Linux refuses to remove a directory that is a mount point, so
<chroot>/proc should still exist. And Linux refuses to remove a directory that is not empty, so
<chroot> should still exist.
Taking what you wrote at face value, you tried to unmount
<chroot>/proc. So the kernel tried to unmount the
none filesystem mounted on
/proc. You should unmount the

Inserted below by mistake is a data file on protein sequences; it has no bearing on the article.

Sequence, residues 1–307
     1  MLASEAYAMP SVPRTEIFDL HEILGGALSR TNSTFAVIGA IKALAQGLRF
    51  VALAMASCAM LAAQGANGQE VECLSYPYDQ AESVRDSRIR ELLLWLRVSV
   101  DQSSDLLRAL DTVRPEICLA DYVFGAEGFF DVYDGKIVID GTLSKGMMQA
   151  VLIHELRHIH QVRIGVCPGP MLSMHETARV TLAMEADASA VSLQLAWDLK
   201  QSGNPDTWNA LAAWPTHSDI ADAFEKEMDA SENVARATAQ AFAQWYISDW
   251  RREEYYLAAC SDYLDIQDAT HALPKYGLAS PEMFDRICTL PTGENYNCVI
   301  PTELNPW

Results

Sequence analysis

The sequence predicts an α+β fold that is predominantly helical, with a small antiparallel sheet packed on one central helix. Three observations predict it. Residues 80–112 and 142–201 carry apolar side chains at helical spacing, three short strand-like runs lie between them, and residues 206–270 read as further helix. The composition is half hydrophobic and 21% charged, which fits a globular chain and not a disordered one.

none filesystem mounted at
umount <chroot>/proc then
rmdir <chroot>/proc <chroot>.
Note that if you moved
<chroot>, you must pass the new name to
umount. You can check what the kernel thinks is mounted by looking in
umount complains because your
/etc/mtab has somehow gone out of sync, use
umount -n <chroot>/proc doesn't work, it's probably because some process is still running inside the chroot to access it. Use
lsof to locate the process and kill it.